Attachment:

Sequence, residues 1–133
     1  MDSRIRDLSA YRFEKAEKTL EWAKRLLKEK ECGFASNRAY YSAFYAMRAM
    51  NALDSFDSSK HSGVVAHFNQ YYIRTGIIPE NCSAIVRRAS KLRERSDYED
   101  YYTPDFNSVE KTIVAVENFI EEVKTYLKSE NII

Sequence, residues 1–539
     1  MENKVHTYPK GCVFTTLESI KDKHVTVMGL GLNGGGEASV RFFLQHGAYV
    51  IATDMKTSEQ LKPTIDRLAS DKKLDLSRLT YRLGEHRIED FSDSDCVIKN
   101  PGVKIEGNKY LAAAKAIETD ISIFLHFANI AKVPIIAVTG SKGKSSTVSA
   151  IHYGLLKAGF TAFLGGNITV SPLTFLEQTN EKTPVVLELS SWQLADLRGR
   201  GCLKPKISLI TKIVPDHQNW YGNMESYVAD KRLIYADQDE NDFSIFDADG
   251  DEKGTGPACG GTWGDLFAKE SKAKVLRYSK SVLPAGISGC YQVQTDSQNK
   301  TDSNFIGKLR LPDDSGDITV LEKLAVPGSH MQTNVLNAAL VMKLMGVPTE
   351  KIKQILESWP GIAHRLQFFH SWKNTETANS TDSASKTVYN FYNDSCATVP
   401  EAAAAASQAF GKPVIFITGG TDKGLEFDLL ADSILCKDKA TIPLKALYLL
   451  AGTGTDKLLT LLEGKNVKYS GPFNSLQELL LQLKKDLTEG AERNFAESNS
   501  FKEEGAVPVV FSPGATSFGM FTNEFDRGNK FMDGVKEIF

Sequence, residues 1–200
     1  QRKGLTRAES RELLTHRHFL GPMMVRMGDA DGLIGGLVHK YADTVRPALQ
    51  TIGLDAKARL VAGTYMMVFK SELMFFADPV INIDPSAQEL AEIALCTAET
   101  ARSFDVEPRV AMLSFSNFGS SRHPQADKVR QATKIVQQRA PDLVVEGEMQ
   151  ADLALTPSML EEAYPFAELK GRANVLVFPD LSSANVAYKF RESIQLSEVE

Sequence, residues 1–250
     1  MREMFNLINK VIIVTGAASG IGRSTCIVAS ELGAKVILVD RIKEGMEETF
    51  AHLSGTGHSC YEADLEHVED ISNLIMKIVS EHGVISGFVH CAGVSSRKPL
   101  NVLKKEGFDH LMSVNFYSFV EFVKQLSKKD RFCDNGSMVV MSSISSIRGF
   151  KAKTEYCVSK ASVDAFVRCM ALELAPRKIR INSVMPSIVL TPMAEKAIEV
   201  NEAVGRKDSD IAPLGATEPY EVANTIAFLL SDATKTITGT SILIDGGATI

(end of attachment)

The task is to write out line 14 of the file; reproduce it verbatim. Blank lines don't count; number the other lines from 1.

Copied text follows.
   401  EAAAAASQAF GKPVIFITGG TDKGLEFDLL ADSILCKDKA TIPLKALYLL